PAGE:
We spent Mother's Day at the Morikami Museum, a beautiful local museum and Japanese garden. We had a bento box lunch after waiting an hour to get seated — luckily we could peruse the art galleries while we waited for a table, and saw a fantastic show by metal artist Mariko Kusumoto — more on that later. The gift shop was also a blast, as the kid got a Totoro t-shirt, which she had to don immediately, and I got a cat-bus wallet. If you haven't seen Hayao Miyazaki's brilliant My Neighbor Totoro (or any of his other films) than you won't understand our geeky thrill, and you should rectify that situation immediately.The history behind the Morikami, from its website:
|At the Morikami|
"In 1904, Jo Sakai, a recent graduate of New York University, returned to his homeland of Miyazu, Japan, to organize a group of pioneering farmers and lead them to what is now northern Boca Raton ... they formed a farming colony they named Yamato, an ancient name for Japan. ... Ultimately, the results of their crop experimentation were disappointing ... By the 1920s, the community, which had never grown beyond 30 to 35 individuals, finally surrendered its dream. One by one, the families left for other parts of the United States or returned to Japan.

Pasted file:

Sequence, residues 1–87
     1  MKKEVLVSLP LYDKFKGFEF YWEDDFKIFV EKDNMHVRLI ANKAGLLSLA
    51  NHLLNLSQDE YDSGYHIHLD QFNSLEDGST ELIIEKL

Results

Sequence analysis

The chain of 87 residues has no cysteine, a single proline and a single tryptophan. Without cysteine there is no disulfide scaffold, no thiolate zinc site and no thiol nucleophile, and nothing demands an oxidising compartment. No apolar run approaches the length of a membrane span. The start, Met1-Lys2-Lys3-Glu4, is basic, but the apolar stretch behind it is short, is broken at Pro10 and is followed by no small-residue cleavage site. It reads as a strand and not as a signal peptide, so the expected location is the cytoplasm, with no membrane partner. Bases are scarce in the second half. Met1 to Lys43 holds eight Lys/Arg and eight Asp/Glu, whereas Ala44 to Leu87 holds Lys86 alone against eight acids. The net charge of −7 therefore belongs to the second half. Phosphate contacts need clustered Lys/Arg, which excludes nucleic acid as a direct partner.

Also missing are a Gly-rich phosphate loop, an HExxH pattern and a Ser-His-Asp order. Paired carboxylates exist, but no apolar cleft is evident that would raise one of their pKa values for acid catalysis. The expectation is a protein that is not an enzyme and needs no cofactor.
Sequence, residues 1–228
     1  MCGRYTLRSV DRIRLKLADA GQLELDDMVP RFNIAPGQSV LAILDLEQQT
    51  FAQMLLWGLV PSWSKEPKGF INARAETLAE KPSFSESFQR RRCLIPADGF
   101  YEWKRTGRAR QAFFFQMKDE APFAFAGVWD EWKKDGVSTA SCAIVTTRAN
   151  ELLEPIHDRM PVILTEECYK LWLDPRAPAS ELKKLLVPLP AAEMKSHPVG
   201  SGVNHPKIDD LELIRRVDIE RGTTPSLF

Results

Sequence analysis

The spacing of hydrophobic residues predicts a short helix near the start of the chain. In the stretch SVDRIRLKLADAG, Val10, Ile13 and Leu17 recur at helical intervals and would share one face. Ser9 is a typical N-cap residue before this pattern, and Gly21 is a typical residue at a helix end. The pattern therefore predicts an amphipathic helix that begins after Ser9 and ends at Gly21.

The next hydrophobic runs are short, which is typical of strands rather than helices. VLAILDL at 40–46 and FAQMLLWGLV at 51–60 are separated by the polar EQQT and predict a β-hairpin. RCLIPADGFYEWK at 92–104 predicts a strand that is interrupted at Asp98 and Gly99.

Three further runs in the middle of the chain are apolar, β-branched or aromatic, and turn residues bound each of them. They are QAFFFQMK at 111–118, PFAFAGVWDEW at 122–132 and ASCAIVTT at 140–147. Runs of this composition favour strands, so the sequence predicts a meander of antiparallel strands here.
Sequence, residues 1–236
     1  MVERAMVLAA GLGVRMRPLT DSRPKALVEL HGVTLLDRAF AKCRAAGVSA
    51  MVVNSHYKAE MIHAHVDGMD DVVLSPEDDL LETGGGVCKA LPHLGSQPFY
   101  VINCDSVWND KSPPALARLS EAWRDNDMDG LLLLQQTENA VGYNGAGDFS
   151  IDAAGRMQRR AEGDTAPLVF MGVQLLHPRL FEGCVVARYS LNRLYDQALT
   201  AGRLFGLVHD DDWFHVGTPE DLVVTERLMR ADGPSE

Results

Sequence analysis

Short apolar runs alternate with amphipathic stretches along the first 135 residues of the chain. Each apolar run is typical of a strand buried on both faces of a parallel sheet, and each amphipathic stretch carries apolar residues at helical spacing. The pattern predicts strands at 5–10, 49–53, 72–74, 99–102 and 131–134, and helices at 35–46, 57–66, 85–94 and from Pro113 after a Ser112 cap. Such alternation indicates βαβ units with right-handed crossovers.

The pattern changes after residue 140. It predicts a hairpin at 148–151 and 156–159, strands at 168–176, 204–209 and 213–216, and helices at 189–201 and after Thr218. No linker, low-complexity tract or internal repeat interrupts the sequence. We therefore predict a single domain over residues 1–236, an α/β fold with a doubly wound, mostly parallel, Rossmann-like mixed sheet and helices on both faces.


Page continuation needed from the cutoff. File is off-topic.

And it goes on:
|George S. Morikami in his pineapple field — Delray Beach, Florida, from Florida Memory|
... One settler remained. His name was George Sukeji Morikami. A modest farmer, George continued to cultivate local crops and act as a fruit and vegetable wholesaler. In the mid-1970s, when George was in his 80s, he donated his land to Palm Beach County with the wish to preserve it as a park and to honor the memory of the Yamato Colony. ... With the opening of The Morikami Museum and Japanese Gardens, a living monument was created, building a bridge of cultural understanding between George Morikami’s two homelands."